Merging can be tricky but if you communicate things properly with the rest of the team and agree who gets to touch what I find it is generally not a problem. (Use Slack, it is a super tool).

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Thank you for your advices!

I'll go with Mercurial and my Synology !

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On ‎9‎/‎27‎/‎2017 at 8:43 AM, Zyl said:

 

Smithd : Locking on SVN helps a lot when working on big projects (I had once more than 10 developpers working on the same project) and it prevents headackes due to the merging process in LV. Since a locked file is read-only, and with LV well set, you don't get 'modified' VIs just because you opened them. Our rule is to unlock one by one the files to modify and to commit right after any modification is made, so that it unlocks the file rapidly. Locking issues with developpers is really rare. 

Just curious how you manage that without committing broken code?

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On 10/10/2017 at 3:39 PM, Stagg54 said:

Just curious how you manage that without committing broken code?

We do commit broken code !

And we think it is important : the trunk is the 'ongoing' state of the developement. So it is normal that the code is broken if prototype or wrong code is delivered. If we cannot build and make tests with the code, there is no chance that a stable release will be tagged.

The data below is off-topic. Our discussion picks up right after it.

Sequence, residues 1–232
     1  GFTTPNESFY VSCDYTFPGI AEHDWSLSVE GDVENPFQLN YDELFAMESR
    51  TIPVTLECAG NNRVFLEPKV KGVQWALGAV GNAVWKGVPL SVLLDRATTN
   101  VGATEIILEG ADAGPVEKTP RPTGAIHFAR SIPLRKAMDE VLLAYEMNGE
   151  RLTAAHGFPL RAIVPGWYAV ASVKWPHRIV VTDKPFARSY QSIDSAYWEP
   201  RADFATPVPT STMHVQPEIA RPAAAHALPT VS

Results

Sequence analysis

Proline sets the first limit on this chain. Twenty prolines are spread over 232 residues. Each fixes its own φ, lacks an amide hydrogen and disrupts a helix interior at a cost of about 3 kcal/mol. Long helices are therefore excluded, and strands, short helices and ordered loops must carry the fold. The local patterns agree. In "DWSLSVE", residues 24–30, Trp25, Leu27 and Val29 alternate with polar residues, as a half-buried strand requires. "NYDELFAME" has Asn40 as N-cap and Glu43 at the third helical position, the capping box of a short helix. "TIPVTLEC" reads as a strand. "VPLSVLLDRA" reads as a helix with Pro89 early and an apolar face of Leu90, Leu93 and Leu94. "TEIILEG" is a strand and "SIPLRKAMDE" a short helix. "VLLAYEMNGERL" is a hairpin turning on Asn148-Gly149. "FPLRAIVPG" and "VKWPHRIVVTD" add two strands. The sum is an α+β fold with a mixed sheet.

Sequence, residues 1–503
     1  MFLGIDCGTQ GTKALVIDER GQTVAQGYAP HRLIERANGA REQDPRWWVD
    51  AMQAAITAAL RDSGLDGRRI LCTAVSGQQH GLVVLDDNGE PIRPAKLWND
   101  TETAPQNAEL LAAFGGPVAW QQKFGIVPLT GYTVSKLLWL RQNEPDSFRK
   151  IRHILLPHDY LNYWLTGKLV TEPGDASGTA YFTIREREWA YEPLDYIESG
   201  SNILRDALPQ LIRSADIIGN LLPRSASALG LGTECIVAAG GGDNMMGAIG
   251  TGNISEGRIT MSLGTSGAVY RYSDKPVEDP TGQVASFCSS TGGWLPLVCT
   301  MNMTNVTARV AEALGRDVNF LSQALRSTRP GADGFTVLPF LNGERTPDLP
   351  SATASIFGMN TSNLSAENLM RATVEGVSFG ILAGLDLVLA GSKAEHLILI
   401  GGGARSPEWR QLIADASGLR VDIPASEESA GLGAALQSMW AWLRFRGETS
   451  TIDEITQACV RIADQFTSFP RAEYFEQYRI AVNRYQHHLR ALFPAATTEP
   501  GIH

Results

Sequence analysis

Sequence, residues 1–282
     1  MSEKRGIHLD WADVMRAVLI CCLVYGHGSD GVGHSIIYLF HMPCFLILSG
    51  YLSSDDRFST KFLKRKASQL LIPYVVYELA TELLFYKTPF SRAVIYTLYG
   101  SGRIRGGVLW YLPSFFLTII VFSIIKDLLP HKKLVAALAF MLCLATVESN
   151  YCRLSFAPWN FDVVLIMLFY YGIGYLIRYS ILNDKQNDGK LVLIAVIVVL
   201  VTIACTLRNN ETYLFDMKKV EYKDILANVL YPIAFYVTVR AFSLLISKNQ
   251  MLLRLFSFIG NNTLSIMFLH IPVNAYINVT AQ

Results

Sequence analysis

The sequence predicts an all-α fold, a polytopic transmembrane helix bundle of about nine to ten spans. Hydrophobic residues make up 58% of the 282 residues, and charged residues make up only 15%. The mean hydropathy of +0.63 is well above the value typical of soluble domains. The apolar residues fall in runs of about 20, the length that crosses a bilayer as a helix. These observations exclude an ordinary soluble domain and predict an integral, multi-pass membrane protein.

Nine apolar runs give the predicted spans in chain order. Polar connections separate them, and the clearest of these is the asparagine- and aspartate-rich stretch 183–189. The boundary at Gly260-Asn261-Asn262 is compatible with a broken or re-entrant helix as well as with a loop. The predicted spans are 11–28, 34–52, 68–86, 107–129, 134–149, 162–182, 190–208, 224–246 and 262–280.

For the rest it only relies on team management and communication. But at least wit heth locking system and identified commit, we have a chance to know what is going on or at least who did it.

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I'm glad that seems to work for you, but...

I think you will find the conventional wisdom on version control is that the Golden Rule is "Don't Commit Broken Code".

 

If 1 person checks in broken code, then when everyone else checks it out - if they want to run it, they have to fix what's broken.  If 10 different people check it out, then you have 10 different people trying to fix it in 10 different ways and then you have this huge merge problem...  Seems like a major headache.

If you use a distributed version control system like git or mercurial, you could do local commits of broken code and then only push once it is no longer broken.  That way you can save intermediate copies so you can roll back if needed, but no one else is going to check out broken code.

 

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11 hours ago, Stagg54 said:

I think you will find the conventional wisdom on version control is that the Golden Rule is "Don't Commit Broken Code"

Indeed. In fact. I've worked at places where whoever breaks the trunk buys pizza for everyone. :thumbup1:

The "wisdom" you speak of can be stated thus: "You can break a branch and the tree will still grow but if but if you break the trunk the whole tree dies". This is still true for distributed SCC where the staging is effectively an enforced branch.

There's a lovely description using the nature/tree analogy for SVN which applies, IMO, to all SCC.

Edited by ShaunR